Over the last few months, there has been a lot of media coverage around the Probation Service. Careers in Justice spoke to one Probation Officer to find out more about what it is really like to work in Probation and what their work involves.
What made you decide to work in Probation?
When I was doing my A’ Levels (back in 1995 – 1997) I found that the more I studied Sociology and started to think about Psychology, alongside some Crime documentaries that I was enthusiastic about at the time, the more I knew I wanted to work with people who offend. Whilst studying Criminology at university, I attended a seminar about domestic abuse and violent offending. These subjects became something I wanted to understand further. I began to research career paths and stumbled across roles in Probation. I knew very little about Probation then, as most of the population still do now. I made a call in the last year of my degree with a Probation Office and asked if they took on volunteers. I was taken on as a volunteer and from that point onwards I knew that this was the career for me.
To this day, I still remember a case that I worked with as a volunteer - a man who was a chronic heroin user and living with his grandmother. I ended up engaging with the whole family and supporting this man with everything, from trips to the dentist to drug rehabilitation appointments. All to try and support his motivation to change. At the end of my Criminology degree, the Probation Service were recruiting PSOs (Probation Service Officers) and this is where I commenced in 2000. After a year, I then applied to complete the Trainee Probation Officer Training, involving a second Degree, NVQ and Diploma in Probation Studies. In 2003 I qualified and I have stayed there ever since.
What does your daily job involve?
My current role is a facilitator for the Sex Offender Treatment Programmes. I deliver group based accredited programmes and work with men in treatment for lengthy periods of time. I engage with their Offender Managers and Police Managers to monitor and support the management of their risk whilst they reside in our communities and Approved Premises Hostels. Some of the men I work with have served custodial sentences or may be on a Community Based Order.
What sort of things do you have to deal with?
Working with men who have sexually offended has its challenges but the role can be rewarding. The groups we work with are hugely diverse. This type of offending crosses all sections of the population and the work at times can be fascinating. We deliver up to 180 hours of treatment with one man and therefore these professional relationships build and you can see individuals strive to change. Like all jobs there are days when you need reminding why you ever wanted to do it but, on the whole, the positives outweigh the difficulties.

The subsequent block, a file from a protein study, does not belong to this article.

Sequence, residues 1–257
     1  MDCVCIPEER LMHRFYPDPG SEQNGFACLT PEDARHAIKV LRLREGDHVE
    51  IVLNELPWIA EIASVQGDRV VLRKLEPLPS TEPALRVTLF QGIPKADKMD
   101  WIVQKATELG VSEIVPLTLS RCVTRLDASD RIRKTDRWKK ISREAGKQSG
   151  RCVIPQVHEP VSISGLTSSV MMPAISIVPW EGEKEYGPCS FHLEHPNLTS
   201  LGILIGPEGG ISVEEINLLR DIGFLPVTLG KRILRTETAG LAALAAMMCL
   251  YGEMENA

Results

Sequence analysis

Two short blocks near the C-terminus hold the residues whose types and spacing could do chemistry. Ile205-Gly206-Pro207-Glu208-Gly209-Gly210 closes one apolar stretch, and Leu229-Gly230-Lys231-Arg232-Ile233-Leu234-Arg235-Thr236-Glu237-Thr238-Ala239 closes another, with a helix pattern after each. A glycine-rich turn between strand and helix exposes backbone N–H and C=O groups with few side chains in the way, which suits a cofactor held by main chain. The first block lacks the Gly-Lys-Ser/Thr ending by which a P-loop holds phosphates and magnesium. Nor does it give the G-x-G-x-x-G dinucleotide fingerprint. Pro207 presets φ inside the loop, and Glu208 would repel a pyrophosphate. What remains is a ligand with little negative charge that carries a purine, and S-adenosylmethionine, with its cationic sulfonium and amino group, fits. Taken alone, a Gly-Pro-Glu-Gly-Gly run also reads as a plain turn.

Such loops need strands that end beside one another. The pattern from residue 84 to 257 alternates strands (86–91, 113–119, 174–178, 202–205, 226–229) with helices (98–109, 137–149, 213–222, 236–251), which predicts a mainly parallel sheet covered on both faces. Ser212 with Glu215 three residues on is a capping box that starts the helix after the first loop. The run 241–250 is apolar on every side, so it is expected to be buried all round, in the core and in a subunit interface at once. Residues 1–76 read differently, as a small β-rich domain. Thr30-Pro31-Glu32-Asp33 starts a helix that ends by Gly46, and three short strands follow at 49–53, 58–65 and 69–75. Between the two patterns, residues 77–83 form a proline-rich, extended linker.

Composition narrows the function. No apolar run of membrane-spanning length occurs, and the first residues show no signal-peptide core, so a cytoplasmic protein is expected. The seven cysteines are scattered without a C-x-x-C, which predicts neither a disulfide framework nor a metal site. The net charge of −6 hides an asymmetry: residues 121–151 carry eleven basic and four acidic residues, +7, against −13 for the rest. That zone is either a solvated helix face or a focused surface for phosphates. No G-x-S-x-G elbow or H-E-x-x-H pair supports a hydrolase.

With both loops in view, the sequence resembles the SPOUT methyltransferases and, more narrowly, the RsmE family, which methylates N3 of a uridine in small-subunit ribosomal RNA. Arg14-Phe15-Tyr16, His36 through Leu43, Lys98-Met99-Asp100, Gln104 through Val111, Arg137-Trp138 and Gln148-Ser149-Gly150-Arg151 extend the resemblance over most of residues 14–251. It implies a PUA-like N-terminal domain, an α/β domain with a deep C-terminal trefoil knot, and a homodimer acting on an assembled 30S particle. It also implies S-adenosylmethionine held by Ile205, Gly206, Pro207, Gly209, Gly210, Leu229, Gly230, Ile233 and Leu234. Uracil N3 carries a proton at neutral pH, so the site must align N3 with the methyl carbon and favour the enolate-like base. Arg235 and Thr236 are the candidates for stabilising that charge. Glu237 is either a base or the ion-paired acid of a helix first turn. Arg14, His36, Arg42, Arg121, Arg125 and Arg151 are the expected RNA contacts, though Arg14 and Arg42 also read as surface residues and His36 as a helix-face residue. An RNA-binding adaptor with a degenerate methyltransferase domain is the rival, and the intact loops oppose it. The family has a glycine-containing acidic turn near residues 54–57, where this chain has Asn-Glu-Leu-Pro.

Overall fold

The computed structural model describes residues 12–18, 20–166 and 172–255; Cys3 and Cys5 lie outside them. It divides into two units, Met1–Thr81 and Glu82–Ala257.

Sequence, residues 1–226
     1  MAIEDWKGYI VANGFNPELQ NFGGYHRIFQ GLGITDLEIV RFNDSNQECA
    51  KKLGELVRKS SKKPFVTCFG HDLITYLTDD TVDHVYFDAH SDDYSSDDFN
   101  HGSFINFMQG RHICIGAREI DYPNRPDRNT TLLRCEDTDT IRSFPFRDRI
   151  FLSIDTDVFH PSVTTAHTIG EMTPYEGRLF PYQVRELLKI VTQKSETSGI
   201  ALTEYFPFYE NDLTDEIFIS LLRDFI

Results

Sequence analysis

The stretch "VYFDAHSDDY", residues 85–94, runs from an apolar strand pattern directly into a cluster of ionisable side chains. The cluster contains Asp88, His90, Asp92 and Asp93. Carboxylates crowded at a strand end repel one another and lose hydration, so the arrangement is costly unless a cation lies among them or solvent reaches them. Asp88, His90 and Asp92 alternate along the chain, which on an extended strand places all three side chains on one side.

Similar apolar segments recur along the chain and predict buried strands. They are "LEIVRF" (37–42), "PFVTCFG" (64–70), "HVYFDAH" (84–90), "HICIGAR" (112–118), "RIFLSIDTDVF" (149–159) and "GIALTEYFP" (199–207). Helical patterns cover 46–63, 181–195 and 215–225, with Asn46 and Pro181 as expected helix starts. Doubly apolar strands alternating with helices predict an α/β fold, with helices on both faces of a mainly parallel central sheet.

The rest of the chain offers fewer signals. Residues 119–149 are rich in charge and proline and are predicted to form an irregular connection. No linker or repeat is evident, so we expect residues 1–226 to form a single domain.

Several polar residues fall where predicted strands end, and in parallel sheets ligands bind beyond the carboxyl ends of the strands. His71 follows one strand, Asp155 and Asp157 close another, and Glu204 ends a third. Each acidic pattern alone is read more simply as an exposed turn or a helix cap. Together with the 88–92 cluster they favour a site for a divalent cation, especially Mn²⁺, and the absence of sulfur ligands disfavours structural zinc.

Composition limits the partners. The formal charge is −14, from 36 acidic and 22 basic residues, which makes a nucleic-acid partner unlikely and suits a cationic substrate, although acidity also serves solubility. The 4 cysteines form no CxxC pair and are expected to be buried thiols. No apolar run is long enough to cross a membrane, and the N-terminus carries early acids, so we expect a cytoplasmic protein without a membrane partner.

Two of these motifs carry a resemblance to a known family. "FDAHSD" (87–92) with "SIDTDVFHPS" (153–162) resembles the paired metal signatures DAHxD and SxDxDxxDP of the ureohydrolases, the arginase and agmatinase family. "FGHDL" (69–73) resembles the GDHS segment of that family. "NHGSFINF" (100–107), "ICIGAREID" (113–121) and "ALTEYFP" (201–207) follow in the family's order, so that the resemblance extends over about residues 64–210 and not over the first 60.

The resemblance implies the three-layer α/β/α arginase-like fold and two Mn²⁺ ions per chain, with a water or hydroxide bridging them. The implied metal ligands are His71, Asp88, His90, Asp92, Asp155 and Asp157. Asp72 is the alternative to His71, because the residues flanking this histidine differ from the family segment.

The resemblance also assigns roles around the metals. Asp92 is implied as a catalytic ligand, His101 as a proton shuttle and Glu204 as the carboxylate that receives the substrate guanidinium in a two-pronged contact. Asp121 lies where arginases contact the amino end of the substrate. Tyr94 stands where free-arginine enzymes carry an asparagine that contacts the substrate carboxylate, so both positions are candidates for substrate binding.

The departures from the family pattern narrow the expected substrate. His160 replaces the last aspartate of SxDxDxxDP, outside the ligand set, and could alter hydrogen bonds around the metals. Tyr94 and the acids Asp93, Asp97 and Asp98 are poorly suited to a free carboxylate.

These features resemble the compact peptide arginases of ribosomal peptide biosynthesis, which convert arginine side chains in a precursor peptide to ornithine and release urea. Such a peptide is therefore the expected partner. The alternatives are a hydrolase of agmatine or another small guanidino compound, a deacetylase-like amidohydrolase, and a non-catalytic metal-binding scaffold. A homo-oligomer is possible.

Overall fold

Are there ever any challenges to your work?
Absolutely. Our role is complex because we are working closely, and developing a therapeutic relationship, with a male who has sexually offended. However, we are also working and engaging with all the other agencies around that male (and we don’t always come from the same starting point or have the same opinions and assessments). Other agencies can include other Probation Officers, Police, Housing organisations, mentors, family members, Victim Liaison Officers, Social Services, and Mental Health organisations. Each one may often have different priorities. This means that the hat we wear changes daily and ultimately the role swings between therapeutic facilitator to risk management information sharer. I am always mindful that at the heart of the role I’m a Probation Officer and my main responsibility is to protect the public.
Do you enjoy your job?
I do enjoy the role. I’ve had the opportunity to do most roles under the Probation Officer Umbrella but I do feel that my skills, attitude, personality and motivation are best suited to working with men who have sexually offended. This has been my chosen role now for over 10 years. The role and skillset required for this job have evolved over the years and this has allowed for my development and assisted in adapting my practice and resilience to the subject matter. My mantra has been to separate the crime and behaviour from the person in front of me and to work to develop peoples’ good qualities.
Does it feel like you are making a difference to the lives of people you work with?
I think it does; you see small changes and commitment to desist from committing further harm by the majority of men participating. You do get men who drop off the programme, who perhaps are not suitable for a number of diverse reasons or indeed see their risk increase and commit further offences.
Some of the skills taught on the programme can really alter a man’s thinking and set about a spiral of small changes and I think this is what keeps me motivated.
Would you encourage others to enter the sector?
I think overall the National Probation Service has changed dramatically since I started. The set up and management of the future service feels unsettled and unknown right now. We are hugely understaffed and at times people and some colleagues express the views that they feel they are sinking with workloads. The privatisation of a large section of the work goes against everything I stand for and the politics surrounding this are a thesis on its own.
But if I remove myself from this and look at the day to day job and the quality of work that I still feel happens then I would say that it remains a fulfilling career. Its more than a job and you have to want to do it for other reasons than the pay!!
What do you feel needs to change with in the sector at the moment?
Staffing levels need to be addressed as a matter of urgency and we should never have allowed the privation of any elements of the Probation Service. I also feel that the public need to be better informed about the critical role we play in public protection.